Our only risk is the sudden discovery of new mines, which human nature will work recklessly to the detriment of us all.
The Second Boer War proved to be a challenging time for the company. Kimberley was besieged as soon as war broke out, thereby threatening the company's valuable mines. Rhodes personally moved into the city at the onset of the siege in order to put political pressure on the British government to divert military resources towards relieving the siege rather than more strategic war objectives. Despite being at odds with the military, Rhodes placed the full resources of the company at the disposal of the defenders, manufacturing shells, defences, an armoured train and a gun named Long Cecil in the company workshops. In 1902, a competitive mine named the Cullinan Mine was discovered; however its owner refused to join the De Beers cartel. Instead, the mine started selling to a pair of independent dealers named Bernard and Ernest Oppenheimer, thereby weakening the De Beers cartel. cartel. Production soon equalled all of the De Beers mines combined, as well as yielding the largest rough diamond ever discovered, the Cullinan Diamond. Ernest Oppenheimer was appointed the local agent for the powerful London Syndicate, rising to the position of mayor of Kimberley within 10 years. He understood the core principle that underpinned De Beers success, stating in 1910 that: “
Common sense tells us that the only way to increase the value of diamonds is to make them scarce, that is to reduce production.
During World War I, the Cullinan Mine was finally absorbed into De Beers. When Rhodes died in 1902, De Beers controlled 90% of the world's diamond production. Ernest Oppenheimer took over the chairmanship of the company in 1927, after buying a seat on the board a year earlier. Oppenheimer was very concerned about the discovery of diamonds in 1908 in German South West Africa, fearing that the increased supply would swamp the market and force prices down. 7
Former CIA chief, Admiral Stansfield Turner, claimed that De Beers restricted US access to industrial diamonds needed for the country's war effort during World War II. Diamond monopoly
Russian president Vladimir Putin meeting with De Beers chairman Nicky Oppenheimer in South Africa in 2006 De Beers is well known for its monopolistic practices throughout the 20th century, whereby it used its dominant position to manipulate the international diamond market. The company used several methods to exercise this control over the market: Firstly, it convinced independent producers to join its single channel monopoly, it flooded the market with diamonds similar to those of producers who refused to join the cartel, and lastly, it purchased and stockpiled diamonds produced by other manufacturers in order to control prices through supply. In 2000, the De Beers model changed, due to factors such as the decision by producers in Russia, Canada and Australia, to distribute diamonds outside of the De Beers channel, thus effectively ending the monopoly. Current major players in the diamond industry are the African producers Debswana and Namdeb, De Beers, Rio Tinto, BHP Billiton, Lev Leviev, Harry Winston, and Alrosa. In November 2011 the Oppenheimer family sold the entirety of their 40% stake in De Beers to Anglo American thereby increasing Anglo American's ownership of the company to 85%.The transaction was $5.1 billion in cash and ending the Oppenheimers' De Beers Dynasty's 80-year ownership in the world's largest diamond miner.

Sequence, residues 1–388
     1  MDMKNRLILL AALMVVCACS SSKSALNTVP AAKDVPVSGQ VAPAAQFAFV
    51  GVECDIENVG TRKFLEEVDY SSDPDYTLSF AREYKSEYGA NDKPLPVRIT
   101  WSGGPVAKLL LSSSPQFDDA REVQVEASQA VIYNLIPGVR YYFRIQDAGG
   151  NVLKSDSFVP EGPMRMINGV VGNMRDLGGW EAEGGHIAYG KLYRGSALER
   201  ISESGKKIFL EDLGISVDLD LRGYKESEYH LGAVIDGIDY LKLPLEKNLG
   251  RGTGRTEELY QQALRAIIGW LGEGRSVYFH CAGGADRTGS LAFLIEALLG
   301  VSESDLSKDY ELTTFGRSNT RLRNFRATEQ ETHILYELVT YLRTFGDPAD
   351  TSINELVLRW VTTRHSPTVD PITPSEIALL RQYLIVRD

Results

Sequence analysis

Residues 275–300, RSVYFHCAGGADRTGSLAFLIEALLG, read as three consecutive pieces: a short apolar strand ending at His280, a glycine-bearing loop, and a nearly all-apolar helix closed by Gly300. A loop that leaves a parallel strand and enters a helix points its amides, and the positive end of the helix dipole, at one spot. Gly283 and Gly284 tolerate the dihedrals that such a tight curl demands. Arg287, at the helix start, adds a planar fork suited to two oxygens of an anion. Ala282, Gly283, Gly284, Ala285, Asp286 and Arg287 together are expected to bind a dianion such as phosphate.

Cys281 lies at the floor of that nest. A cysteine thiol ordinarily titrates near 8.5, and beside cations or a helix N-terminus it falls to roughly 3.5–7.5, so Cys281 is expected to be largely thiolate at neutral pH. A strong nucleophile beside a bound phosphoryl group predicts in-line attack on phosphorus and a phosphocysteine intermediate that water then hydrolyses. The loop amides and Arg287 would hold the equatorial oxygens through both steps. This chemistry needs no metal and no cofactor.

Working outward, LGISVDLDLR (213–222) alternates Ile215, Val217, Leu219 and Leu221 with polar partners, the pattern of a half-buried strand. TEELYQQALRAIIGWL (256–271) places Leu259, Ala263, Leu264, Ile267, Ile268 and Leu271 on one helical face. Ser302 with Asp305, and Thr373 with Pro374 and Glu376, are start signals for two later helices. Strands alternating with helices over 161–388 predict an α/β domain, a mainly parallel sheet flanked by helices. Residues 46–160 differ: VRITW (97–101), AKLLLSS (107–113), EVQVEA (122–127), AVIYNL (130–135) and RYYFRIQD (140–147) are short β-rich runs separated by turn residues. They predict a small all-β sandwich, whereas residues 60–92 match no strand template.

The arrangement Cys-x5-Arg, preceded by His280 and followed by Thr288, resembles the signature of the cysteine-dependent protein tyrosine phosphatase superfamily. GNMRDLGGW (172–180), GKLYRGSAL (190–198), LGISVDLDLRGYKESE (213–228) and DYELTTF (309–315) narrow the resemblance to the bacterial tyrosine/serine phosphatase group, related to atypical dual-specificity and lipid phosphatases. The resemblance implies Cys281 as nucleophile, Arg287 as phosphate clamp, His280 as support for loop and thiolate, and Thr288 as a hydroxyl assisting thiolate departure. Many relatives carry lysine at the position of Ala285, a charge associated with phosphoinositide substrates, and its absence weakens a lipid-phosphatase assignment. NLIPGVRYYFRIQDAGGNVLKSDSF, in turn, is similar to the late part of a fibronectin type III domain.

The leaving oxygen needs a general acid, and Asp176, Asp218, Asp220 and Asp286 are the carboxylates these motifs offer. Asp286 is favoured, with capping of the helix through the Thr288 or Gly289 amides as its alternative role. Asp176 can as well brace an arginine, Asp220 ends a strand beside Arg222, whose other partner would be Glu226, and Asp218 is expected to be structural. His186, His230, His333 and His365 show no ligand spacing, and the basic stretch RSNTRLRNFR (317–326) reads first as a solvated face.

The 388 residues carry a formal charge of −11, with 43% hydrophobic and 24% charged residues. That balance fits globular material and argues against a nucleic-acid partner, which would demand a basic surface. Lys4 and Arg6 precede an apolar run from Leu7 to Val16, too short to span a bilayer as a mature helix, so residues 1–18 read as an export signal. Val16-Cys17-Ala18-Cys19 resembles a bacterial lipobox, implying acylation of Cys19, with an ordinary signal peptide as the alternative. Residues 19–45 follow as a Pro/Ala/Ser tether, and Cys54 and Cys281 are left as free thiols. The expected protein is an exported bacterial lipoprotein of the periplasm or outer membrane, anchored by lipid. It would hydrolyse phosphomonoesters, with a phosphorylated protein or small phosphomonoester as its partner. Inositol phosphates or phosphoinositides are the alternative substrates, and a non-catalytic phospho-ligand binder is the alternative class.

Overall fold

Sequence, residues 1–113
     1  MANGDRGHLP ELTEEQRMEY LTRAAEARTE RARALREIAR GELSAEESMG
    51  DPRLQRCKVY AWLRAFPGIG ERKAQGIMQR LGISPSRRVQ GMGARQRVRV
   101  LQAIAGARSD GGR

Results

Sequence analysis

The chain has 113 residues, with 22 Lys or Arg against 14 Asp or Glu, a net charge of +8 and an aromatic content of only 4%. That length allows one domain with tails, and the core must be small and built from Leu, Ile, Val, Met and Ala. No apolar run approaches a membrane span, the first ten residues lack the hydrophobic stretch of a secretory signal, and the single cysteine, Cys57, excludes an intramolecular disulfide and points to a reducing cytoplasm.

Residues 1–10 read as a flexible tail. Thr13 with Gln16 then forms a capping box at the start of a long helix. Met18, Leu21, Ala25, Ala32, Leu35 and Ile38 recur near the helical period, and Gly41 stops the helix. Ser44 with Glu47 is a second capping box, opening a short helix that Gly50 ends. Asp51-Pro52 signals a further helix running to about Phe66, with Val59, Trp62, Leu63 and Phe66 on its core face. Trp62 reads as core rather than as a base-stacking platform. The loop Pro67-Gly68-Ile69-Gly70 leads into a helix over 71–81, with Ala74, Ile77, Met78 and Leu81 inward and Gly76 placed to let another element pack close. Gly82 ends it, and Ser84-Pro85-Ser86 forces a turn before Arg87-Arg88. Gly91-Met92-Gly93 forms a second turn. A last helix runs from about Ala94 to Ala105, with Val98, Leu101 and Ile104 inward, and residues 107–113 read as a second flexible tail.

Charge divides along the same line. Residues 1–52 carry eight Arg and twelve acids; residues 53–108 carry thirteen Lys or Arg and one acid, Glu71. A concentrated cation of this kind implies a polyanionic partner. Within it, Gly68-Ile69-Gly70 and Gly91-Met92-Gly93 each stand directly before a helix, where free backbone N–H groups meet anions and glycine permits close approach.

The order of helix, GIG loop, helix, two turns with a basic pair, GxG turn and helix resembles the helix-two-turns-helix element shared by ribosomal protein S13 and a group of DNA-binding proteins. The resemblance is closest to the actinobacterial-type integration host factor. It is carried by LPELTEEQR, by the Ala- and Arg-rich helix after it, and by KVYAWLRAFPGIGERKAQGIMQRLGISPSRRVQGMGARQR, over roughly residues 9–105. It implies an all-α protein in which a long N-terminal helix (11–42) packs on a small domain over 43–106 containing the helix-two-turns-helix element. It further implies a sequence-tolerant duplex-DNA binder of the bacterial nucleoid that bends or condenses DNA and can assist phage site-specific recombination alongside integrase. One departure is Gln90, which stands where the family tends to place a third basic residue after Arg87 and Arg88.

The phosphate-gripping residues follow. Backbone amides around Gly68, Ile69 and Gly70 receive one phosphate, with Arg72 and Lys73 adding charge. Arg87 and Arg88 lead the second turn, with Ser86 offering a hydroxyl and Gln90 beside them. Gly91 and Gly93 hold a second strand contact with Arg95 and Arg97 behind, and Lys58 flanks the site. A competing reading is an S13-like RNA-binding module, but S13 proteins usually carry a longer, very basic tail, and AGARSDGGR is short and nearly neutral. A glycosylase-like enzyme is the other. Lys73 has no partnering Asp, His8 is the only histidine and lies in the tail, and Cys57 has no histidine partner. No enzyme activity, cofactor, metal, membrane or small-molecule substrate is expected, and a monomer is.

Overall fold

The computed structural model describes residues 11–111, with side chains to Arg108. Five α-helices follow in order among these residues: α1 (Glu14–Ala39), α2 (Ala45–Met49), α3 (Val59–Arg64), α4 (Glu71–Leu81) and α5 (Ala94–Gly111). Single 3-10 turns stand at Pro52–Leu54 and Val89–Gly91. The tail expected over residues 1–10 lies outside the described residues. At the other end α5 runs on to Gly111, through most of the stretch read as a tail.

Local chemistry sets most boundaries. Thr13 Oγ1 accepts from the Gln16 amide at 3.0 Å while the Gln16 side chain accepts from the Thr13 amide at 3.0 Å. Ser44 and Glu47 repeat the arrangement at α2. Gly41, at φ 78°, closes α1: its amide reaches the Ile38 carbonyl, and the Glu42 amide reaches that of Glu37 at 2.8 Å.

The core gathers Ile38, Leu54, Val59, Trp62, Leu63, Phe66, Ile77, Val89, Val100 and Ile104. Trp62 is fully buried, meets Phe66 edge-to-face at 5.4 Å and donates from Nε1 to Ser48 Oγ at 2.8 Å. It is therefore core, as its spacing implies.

CHAPTER 3 THE DE BEERS STORY A New Cut On An Old Monopoly THE COMPANY THAT HAS RULED DIAMONDS FOR A CENTURY WANTS TO POLISH ITS IMAGE...AND DOMINATE AS NEVER BEFORE. De Beers launched a multi-million dollar "A Diamond is For Ever" advertising campaign to rekindle the demand. With N.W. Iyer, its U.S. advertising agency, it had developed aggressive campaign to promote sales of diamond anniversary rings and jewelry for men. The campaign focuses on women as objects of devotion and features full page color advertisements and television spots. It targets women and focuses on showing women how to give men diamonds. The campaign gradually reverted to targeting men and the advertisements took on a more macho look. N.W. Iyer has consistently marketed the diamond engagement ring as a future oriented purpose and has developed a price guideline for those shopping engagement rings . The ultimate luxury good in the status stakes. They also grind out the tools and precisions parts on which our advanced civilization depends. Diamonds can add glamour to the most beautiful woman; they also finance the cruellest of civil wars. Ever since Cecil Rhodes imperial adventures in the late 19th century, a single company has stealthily extended its influence on the global market for diamonds until it achieved almost total control. The manner in which diamonds were formed and the values they symbolize are summed up concisely in what Advertising Age magazine called the greatest advertising slogan of the 20th century. Late one night in 1947 Frances Gerety, a young copywriter at the N. W. Ayer advertising agency, was working on a presentation for De Beers but, feeling tired and completely stumped she prayed, "please God, send me a line." Then, she suddenly scribbled the famous words: A diamond is forever!
CHAPTER 4 CONCLUSION
De Beers one of the most successful monopolies in history. Used numerous tactics to successfully control supply and demand. Monopoly fell apart when it could no longer stop other entrants.